I’ve previously discussed Silk Road as one of the worlds far away from me that I’ll never visit. Learning about stuff is why I’m writing this blog.
Last week Ross Ulbricht was convicted of multiple felonies for his role in running Silk Road, a place where you could buy all sorts of illegal stuff.
Some recent articles that help me better understand this bizarre alternate universe.
2/2 – Silk Road – The feds claim that Ross Ulbricht is the so-called Dread Pirate Roberts who ran Silk Road. That was an on-line dark market where you could buy anything you want, especially a huge selection of illegal stuff. His trial has been underway for a while. I’ve not made many comments.
Today’s developments were a very brief defense concluding with announcement Mr. Ulbricht will not testify. Closing arguments expected Wednesday, 2/4.
I’ll have more comments when the verdict comes back and especially when the feature articles appear after the trial.
2/4 – Wall Street Journal – Silk Road Creator Found Guilty of Cybercrimes – In just 3.5 hours of deliberation, the jury found Ross Ulbricht guilty on seven felony counts. Unexplained is how the FBI was able to penetrate the Tor software. From the superficial reading I’ve done, I thought that was supposed to be an impenetrable wall of privacy on the ‘net. Another interesting comment in the article is that the FBI was able to link him to specific Bitcoin transactions in Silk Road sales. That is way over my head, but trying to figure out things way beyond me is why I’m reading and writing. Missing from the charges and testimony are the oft-discussed six contract murders he allegedly asked an informant to carry out.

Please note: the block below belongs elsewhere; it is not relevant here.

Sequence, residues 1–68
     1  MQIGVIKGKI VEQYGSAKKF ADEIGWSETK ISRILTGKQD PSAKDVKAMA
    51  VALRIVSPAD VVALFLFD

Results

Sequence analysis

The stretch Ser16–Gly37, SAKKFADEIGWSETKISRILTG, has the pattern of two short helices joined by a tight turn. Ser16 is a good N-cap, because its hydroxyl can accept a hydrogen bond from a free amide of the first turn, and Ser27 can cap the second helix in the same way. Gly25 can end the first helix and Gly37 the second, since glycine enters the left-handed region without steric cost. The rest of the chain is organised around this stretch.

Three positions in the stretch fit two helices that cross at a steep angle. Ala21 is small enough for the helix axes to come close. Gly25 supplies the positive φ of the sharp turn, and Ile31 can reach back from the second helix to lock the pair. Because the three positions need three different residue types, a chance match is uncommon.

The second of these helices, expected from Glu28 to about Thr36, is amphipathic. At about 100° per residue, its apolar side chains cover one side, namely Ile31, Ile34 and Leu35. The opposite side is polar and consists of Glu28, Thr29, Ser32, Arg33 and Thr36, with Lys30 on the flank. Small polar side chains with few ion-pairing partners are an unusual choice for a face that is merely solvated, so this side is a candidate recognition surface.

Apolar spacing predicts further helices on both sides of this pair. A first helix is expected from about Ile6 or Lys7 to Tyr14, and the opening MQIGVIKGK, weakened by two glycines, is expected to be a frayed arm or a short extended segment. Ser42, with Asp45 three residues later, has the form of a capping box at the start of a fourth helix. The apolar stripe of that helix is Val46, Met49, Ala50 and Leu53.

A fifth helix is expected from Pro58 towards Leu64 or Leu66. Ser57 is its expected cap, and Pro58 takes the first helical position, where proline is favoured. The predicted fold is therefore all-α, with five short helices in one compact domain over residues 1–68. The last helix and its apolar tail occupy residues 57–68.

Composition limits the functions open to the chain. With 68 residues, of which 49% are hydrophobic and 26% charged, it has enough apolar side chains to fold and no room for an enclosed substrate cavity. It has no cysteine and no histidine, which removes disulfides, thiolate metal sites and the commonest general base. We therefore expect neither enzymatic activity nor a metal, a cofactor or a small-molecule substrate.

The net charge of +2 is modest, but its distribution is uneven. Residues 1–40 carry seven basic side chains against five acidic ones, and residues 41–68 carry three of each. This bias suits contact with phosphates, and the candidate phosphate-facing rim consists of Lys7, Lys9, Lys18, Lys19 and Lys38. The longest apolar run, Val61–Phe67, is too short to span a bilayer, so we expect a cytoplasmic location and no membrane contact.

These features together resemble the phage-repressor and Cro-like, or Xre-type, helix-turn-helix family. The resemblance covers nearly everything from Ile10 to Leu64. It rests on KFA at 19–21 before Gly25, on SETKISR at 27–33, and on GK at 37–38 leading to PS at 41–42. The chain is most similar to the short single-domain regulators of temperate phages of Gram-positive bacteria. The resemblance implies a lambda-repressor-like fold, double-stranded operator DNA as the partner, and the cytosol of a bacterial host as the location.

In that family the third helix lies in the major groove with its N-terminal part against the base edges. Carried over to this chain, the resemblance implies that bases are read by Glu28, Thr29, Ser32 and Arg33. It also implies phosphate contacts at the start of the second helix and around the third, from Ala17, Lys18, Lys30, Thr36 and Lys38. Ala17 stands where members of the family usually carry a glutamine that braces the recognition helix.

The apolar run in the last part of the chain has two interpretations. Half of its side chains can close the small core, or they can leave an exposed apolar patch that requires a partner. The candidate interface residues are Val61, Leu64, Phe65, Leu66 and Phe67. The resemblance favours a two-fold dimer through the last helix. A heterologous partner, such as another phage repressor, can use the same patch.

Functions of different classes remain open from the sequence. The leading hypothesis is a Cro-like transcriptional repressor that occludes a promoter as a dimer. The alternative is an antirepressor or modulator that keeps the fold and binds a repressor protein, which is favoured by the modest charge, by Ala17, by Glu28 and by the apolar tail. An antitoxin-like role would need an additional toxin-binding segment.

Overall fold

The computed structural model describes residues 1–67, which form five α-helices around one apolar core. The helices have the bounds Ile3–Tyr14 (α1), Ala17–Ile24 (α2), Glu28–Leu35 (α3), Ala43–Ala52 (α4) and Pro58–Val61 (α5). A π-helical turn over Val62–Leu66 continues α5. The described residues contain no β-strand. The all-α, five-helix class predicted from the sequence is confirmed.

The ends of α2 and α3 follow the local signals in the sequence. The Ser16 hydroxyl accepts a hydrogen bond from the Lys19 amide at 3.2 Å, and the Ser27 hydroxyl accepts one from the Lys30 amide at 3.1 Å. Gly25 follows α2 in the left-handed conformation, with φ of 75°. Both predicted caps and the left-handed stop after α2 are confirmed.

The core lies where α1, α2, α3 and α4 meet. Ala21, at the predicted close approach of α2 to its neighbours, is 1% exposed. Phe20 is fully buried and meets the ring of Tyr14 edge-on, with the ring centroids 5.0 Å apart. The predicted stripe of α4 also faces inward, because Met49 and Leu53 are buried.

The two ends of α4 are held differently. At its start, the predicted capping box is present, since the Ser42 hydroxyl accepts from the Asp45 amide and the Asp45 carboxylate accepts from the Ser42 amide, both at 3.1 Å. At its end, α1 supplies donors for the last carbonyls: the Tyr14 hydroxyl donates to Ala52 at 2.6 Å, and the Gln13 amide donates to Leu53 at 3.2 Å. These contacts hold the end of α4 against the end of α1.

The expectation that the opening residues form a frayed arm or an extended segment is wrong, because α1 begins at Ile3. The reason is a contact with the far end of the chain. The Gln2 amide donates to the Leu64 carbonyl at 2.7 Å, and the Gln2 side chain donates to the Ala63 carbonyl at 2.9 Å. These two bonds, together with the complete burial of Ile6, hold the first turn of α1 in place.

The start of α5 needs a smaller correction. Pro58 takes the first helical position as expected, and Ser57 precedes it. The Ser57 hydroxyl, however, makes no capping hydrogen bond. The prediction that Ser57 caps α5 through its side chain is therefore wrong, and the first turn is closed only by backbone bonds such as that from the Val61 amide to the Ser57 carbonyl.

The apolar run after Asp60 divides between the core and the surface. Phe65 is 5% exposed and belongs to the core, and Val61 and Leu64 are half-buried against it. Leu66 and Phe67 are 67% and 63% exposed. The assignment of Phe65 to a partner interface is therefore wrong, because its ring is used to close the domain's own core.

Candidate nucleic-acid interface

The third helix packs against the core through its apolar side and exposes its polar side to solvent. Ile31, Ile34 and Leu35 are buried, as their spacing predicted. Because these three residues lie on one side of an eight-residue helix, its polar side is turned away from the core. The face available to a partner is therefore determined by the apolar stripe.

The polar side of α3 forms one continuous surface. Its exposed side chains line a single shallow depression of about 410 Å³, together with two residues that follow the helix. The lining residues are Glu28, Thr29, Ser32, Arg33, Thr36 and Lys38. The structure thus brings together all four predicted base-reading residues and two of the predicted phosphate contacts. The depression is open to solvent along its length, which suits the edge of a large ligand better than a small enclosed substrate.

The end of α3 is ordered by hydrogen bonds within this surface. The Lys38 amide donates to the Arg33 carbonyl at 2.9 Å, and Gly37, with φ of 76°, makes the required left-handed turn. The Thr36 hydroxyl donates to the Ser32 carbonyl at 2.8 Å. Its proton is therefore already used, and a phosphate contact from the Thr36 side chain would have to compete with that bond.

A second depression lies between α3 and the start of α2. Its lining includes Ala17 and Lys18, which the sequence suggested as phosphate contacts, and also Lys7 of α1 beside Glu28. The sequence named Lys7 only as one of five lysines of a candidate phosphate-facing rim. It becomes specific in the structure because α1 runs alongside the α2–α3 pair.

2/4 – Wired – Silk Road Mastermind Ross Ulbricht Convicted of All 7 Charges – A bit deeper coverage of the conviction.
From the article:
More broadly, the case represents the limits of cryptographic anonymity tools like Tor and bitcoin against the surveillance powers of the U.S. government. In spite of his use of those crypto tools and others, Ulbricht couldn’t prevent the combined efforts of the FBI, DHS, and IRS from linking his pseudonym to his real-world identity.
There are a few small lessons for us common, everyday folk going about our (legal) business.
First, there is no absolute privacy on the ‘net, in spite of what the first paragraphs of so many articles may say.
Second, if national level police and security agencies want inside your computer, they will get there.
For people who live in worlds I’ll never visit (places like online dope sales), there are deeper lessons that wouldn’t cross my mind:
If the feds do find the administrators of the next generation of dark web drug sites, as they found Ulbricht, don’t expect those online drug lords to let their unencrypted laptops be snatched in a public library, or to have kept assiduous journals of their criminal conspiracies. The Dread Pirate Roberts’ successors have no doubt been watching his trial unfold and learning from his mistakes. And the next guilty verdict may not be so easy.
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